Sapiens on a folding bike – Day 5

It’s been a long, but ultimately rewarding day.
The saga of my lost phone triggered a complete strategic rethink. I had wanted to see Freiburg, but couldn’t see how I could work it in. Yesterday, the answer became clear – go by train. Thus it was that I spent the half-hour journey  from Titisee chatting to a fellow folding-bike enthusiast, albeit a Brompton owner, who had recently cycled from Freiburg to Basel! He was able to give me detailed guidance as to what route to follow, where to cross the Rhine (much further north than I had spotted on my map, and points of interest on the way. He also, brave man, promised to look at my blog. If you are reading this, my friend, many thanks – another fine example of German hospitality.

This morning the sky is grey and threatening, but it is not actually raining. Once on my bike, my spirits rise. There are two possible routes out of Freiburg towards Bad Krozingen: one, busy, direct and flat; the other, hilly, scenic, quiet and longer. Which do you think I take? This photo should answer the question

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Once more unto the breach.
Without the sun my trusty Silva compass, craftily fixed to my bike so that I can always see it, is my constant guiding light. Even more important, I suggest than my map. It will always take in the right direction, but not necessarily on the route I might have chosen. Much more interesting, don’t you agree?
At Bollschweil I have my first view down to the Rhine valley across to France. I feel a deep sense of loss as I descend from the hills.
Bad Krozingen turns out to be disappointing. I continue straight on to the Rhine crossing recommended by my friend on the train. There are effectively two rivers running side by side: the “wild Rhine, fast flowing and natural (who’s for Pooh sticks?) ……

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……..and the navigable Rhine, wider and tamed.
I’d better get my passport and visa ready. Oh no – not necessary yet!
Into France. Immediately, an overwhelming smell of wild garlic, the song of a nightingale and the first sight of my absolute favourite flower ….

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You think I’m joking? Oh no I’m not.
It has started to rain. At one point, when I retrace my steps to look at a village just off the road, I discover my good fortune: on a vexation scale of 1 to 10, light rain might score about 2; light rain, with the wind in your face would score 10!
Onwards, ever to the south. Time is on my side. I decide to pop back across the Rhine into Germany for lunch. Better get my passport, visa and Deutchmarks out! Sorry guys, but that really is how ridiculous it would be; surely we’ve moved on – and for the better.
It’s also raining in Neuenburg, but lunch is good.
Back into France
I continue southward on a tree-lined country road with pretty villages anybody familiar with France would immediately recognise

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It’s stopped raining and the sun has started to shine. I pass a mediaeval tile-kiln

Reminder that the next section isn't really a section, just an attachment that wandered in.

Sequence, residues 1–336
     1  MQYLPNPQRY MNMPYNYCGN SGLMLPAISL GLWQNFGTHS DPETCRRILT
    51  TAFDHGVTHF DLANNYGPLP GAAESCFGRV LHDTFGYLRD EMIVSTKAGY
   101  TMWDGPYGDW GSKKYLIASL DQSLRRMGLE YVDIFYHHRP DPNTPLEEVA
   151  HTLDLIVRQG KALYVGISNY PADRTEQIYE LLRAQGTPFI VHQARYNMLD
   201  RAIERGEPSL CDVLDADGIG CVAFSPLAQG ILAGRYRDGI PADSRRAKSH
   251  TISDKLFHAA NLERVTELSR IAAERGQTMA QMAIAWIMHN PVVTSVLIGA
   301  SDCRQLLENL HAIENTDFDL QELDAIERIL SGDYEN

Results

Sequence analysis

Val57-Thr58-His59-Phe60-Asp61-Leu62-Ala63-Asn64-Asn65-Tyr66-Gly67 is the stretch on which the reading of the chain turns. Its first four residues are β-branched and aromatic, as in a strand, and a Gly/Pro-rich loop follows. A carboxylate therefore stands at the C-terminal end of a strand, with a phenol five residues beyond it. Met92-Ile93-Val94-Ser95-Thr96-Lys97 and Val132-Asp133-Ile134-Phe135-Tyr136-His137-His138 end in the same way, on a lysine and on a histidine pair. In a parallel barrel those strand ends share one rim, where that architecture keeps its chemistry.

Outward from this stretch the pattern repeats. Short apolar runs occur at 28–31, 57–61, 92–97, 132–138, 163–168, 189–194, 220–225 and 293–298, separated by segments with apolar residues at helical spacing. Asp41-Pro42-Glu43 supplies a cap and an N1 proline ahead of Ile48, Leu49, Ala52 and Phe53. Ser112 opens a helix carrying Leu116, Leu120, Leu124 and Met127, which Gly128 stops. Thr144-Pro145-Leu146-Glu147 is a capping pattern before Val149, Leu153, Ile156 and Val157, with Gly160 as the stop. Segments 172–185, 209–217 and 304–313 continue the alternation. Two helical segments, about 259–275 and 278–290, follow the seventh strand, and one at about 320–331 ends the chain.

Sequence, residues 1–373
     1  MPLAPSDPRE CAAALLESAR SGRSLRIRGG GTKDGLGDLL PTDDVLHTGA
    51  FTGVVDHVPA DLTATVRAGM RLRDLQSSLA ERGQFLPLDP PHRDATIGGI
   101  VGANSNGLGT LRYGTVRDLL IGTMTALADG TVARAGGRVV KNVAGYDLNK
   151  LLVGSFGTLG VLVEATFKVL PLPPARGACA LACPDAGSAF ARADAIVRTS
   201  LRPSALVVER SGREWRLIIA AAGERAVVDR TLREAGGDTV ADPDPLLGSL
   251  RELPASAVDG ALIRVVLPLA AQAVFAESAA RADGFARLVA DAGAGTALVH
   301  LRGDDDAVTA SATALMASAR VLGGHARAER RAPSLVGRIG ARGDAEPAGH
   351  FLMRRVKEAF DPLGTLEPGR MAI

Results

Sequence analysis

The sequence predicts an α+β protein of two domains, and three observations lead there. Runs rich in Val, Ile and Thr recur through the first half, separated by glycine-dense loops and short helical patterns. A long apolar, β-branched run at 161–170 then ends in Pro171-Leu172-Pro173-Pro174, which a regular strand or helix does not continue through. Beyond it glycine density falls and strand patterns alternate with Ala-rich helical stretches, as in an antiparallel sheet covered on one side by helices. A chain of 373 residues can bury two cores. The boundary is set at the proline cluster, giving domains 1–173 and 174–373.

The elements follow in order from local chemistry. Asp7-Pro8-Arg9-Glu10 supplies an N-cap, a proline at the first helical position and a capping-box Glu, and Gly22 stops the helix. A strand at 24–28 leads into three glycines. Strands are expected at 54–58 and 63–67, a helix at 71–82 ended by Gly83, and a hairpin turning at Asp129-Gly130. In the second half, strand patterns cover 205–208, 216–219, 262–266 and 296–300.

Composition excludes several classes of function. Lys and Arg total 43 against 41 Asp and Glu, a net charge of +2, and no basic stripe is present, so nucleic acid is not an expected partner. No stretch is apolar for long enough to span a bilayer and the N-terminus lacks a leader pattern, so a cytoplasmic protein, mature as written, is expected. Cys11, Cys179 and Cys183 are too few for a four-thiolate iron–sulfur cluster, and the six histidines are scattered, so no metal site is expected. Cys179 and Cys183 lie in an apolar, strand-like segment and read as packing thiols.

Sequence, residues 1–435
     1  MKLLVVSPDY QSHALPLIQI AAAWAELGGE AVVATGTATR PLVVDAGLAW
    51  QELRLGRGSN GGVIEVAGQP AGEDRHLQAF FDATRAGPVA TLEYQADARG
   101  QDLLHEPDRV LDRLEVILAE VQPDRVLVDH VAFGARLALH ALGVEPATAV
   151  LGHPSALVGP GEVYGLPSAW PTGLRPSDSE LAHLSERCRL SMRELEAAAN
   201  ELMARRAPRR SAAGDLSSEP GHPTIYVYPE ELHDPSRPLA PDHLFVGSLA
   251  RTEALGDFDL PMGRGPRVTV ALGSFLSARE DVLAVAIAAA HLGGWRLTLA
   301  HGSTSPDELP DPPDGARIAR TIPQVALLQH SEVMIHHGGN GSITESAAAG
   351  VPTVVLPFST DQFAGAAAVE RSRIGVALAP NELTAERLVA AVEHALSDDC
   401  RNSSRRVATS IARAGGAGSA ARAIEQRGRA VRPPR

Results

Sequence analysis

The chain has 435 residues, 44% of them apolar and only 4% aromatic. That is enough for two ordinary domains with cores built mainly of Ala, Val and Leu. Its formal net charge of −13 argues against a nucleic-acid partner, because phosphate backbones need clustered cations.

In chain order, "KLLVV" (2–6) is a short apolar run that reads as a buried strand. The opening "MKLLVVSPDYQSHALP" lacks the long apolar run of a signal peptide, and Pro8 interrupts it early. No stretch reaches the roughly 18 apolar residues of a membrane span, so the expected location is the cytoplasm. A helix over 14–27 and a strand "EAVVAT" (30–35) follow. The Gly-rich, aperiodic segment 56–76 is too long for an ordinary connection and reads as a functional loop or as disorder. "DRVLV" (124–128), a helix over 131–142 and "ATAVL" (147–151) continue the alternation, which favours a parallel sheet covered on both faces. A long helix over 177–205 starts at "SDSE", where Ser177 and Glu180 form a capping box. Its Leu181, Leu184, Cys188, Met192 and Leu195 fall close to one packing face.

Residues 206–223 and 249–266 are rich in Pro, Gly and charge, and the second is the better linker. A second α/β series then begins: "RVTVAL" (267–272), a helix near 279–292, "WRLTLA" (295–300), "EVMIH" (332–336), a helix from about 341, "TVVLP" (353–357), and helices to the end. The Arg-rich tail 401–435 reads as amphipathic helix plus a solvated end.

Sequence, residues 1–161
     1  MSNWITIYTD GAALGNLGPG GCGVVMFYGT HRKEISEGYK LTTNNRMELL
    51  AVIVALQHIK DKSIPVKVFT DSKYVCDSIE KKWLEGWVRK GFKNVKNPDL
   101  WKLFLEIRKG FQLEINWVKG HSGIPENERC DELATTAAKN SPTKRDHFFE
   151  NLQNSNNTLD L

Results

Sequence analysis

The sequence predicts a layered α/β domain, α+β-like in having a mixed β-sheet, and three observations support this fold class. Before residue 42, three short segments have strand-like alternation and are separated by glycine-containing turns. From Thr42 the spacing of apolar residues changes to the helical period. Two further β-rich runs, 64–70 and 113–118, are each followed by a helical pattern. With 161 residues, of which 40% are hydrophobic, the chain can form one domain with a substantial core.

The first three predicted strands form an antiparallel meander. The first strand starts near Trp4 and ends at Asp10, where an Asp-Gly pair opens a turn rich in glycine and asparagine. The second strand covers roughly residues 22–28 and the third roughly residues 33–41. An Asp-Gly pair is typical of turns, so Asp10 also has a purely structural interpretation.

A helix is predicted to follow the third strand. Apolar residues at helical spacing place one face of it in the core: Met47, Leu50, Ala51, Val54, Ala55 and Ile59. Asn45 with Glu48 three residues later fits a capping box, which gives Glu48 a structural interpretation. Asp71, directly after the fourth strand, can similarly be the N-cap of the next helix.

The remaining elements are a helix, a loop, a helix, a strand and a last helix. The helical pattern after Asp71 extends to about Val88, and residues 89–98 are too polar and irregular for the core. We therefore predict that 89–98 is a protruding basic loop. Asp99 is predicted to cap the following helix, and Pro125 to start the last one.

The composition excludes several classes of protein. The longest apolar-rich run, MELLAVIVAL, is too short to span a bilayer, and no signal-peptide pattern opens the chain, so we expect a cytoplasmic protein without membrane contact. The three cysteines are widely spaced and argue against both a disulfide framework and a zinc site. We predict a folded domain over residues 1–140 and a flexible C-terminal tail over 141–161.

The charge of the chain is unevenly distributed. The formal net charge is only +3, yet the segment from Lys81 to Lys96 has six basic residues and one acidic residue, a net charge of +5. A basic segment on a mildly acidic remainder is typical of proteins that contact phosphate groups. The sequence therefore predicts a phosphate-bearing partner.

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Apparently tile-making was important in this region of Alsace in Roman times and continued as a craft industry until relatively recently. Reaching Kembs, within sight of ‘planes descending towards Basel airport, I make a spontaneous decision: it is only 4.15 and my ‘plane is not till 9.40. I turn north towards Mulhouse. An hour later, I’m strolling its historic heart searching (unsuccessfully) for holiday presents. Oh well, I tried. On the way into the city I had seen hills rising to the north-west, the Vosges; I make a resolution to return on my bike one day to explore.
Rather than retrace my steps, I choose a scenic (yes you’ve got it!) hilly route back towards Basel. I’ve done my map research well – I progress seamlessly right up to the terminal of Basel airport arriving just before 7 pm.
It’s been a long, but ultimately rewarding, day.

Distance travelled 81 miles
Elevation gain 1,748 ft
Average speed 10 mph
Maximum speed 29.1 mph

A final fling for Sapiens! What to say, with so little time?
I decide to change my script. If you’d like to explore more of our fascinating anthropological history, with all its psychological (and in my view, philosophical) implications, I could do no better than recommend you read the excellent “Sapiens” by Yuval Noah Harari. It covers issues such as ” imagined and constructed” orders – justice, money, capitalism; and major historical movements – the Scientific and Industrial Revolutions.
And it looks, intriguingly into the future.
For my part, I will summarise my feelings: I am proud to be a member of Sapiens and believe we are unique amongst species (this, of course, implies unique responsibilities); I believe my consciousness endows me with genuine free will, which once again, is unique on the planet (and possibly in the universe). Life is a wonderful privilege which we should treasure and enjoy. Sapiens is special! I also believe that, although science has answered many of the questions, there are still some crucially important ones which remain.
There is so much more that I could say – but it will have to wait…… until next year!

Watch this space.

Total distance travelled 261 miles
Elevation gain 24,401 ft !!

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